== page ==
‘Green Book’ writer apologizes for anti-Muslim 9/11 tweet

Nick Vallelonga (far right) apologized to Mahershala Ali (center). (File photo: AFP)
Updated 12 January 2019
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‘Green Book’ writer apologizes for anti-Muslim 9/11 tweet

LOS ANGELES: “Green Book” screenwriter Nick Vallelonga has issued an apology for an anti-Muslim tweet from 2015 in which he expressed support for false claims that Muslims were celebrating in New Jersey following the 9/11 terror attacks.
“I want to apologize. I spent my life trying to bring this story of overcoming differences and finding common ground to the screen, and I am incredibly sorry to everyone associated with Green Book,” he said in a statement late Thursday.
“I especially deeply apologize to the brilliant and kind Mahershala Ali, and all members of the Muslim faith, for the hurt I have caused,” he said.
“I am also sorry to my late father who changed so much from Dr. Shirley’s friendship and I promise this lesson is not lost on me. ‘Green Book’ is a story about love, acceptance and overcoming barriers, and I will do better.”
Ali, who is Muslim, on Sunday won a Golden Globe award for his role as the real-life piano virtuoso Don Shirley in “Green Book.”
The film, which picked up two other Golden Globes and is expected to be nominated for the Oscars, recounts the unlikely friendship between Shirley, who was black, and his driver, Tony Lip (Vallelonga’s father), during a concert tour through the deep south in 1962.
Vallelonga deleted his Twitter account after the controversial tweet dating back to November 2015 recently resurfaced on social media.
The tweet came in response to then candidate Donald Trump’s claim that he saw thousands of people cheering in Jersey City after the terror attacks.
“@realDonaldTrump 100% correct,” Vallelonga wrote at the time. “Muslims in Jersey City cheering when towers went down. I saw it, as you did, possibly on local CBS news.”
Participant Media, which co-financed and produced “Green Book,” has also released a statement denouncing Vallelonga’s tweet.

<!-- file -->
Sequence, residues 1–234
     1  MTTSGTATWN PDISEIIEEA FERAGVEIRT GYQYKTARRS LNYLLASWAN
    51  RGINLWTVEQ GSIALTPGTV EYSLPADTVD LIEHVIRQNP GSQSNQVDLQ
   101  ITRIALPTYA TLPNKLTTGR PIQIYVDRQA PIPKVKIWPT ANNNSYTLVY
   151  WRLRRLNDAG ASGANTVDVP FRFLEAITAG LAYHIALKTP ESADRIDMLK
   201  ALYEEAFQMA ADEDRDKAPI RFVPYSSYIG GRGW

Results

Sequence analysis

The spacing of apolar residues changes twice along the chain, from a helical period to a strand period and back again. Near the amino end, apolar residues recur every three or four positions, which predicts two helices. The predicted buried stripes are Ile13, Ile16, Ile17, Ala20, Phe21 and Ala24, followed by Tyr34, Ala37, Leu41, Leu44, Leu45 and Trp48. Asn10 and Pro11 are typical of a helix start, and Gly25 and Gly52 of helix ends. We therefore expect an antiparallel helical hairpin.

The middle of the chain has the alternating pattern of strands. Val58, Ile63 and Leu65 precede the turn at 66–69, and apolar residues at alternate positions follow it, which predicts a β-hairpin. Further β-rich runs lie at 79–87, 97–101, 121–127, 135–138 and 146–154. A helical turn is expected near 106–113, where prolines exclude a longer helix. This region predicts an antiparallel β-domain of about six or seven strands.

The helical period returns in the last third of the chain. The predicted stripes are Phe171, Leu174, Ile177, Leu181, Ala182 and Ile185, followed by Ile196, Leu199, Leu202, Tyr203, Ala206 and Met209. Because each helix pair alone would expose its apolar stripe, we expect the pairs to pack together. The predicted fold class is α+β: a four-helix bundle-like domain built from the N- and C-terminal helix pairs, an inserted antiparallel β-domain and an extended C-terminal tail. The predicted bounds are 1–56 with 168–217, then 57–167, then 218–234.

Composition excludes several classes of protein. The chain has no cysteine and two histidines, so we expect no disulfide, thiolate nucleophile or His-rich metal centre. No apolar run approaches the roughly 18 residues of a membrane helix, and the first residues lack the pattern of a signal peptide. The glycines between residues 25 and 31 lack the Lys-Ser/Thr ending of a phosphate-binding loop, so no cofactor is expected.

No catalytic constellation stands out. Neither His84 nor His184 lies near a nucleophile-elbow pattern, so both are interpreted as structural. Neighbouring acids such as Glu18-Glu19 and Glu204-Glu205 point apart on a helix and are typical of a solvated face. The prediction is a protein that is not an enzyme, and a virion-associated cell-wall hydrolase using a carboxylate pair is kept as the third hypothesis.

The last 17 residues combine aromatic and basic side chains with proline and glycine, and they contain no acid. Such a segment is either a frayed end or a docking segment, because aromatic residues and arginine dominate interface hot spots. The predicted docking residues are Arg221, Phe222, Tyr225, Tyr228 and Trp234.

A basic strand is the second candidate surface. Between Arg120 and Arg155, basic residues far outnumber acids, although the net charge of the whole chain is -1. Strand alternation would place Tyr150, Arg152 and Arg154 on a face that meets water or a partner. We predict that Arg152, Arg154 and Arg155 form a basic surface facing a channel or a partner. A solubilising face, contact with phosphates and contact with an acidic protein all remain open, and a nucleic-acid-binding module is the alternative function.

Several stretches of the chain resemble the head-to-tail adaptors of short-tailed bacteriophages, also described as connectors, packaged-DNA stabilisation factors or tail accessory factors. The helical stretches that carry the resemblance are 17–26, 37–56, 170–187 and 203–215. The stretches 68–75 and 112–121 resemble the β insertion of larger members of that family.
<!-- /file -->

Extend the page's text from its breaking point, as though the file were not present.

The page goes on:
“We find Mr.Vallelonga’s Twitter post offensive, dangerous and antithetical to Participant Media’s values. We reject it in no uncertain terms,” it said.


Life lessons from inspirational women — Alexis

Music artist 'Alexis.' (Supplied)
Updated 19 February 2019
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Life lessons from inspirational women — Alexis

  • UAE-based singer-songwriter, Alexis just released her album “This Is Me”
  • She talks tolerance, proving yourself, and the power of words

DUBAI: The UAE-based singer-songwriter, who just released her album “This Is Me,” talks tolerance, proving yourself, and the power of words

I’m very demanding of myself, which is a contradiction, because I’m so understanding and accepting of the weaknesses of other people, but I’m not that kind to myself. But I don’t mind laughing at myself either.

 

I’ve been guilty, earlier in my career, of trying to force situations. Sometimes pushing is good, but allowing things to happen in their own time is also a valuable skill. It’s not necessarily about the destination; it’s the journey. And if you can allow yourself to enjoy the journey, you’ll get there eventually — perhaps in a better condition.

 

My father encouraged me to be an individual thinker. He’s a man who has roots in a very conservative, male-driven culture, but he was raised by a woman who wasn’t afraid to break the mold. He advised me that because of what I look like, and being a woman, I would always need to be more than just adequately prepared: “If you’re required to know two things for a job, when you walk in there you need to know four or six things.”

 

I know it’s probably just something parents tell their kids to help them get through difficult situations, but I think that “Sticks and stones may break your bones but words can never hurt you” thing is such nonsense. Words can hurt. They can cause incredible damage. It’s important for us to realize the impact of what we say, how we say it, and to whom. Words have power.

 

I handled my own business from the very beginning, so I found myself at 18 going into meetings with executives who were in their 40s and 50s. And of course I was a child to them. So having them look beyond the physical thing and realize that I was very serious about my work and knew what I was talking about was a challenge. It’s easy to see me as a fashion horse. It’s harder to see that I’m a worker. Get past the window dressing and I’ve got quality merchandise. But I survived life with older brothers. I think I can tackle anything at this point.

 

Men and women are equally capable, but in different ways. It’s a bit of a generalization, but we have to accept that different people have different methodologies.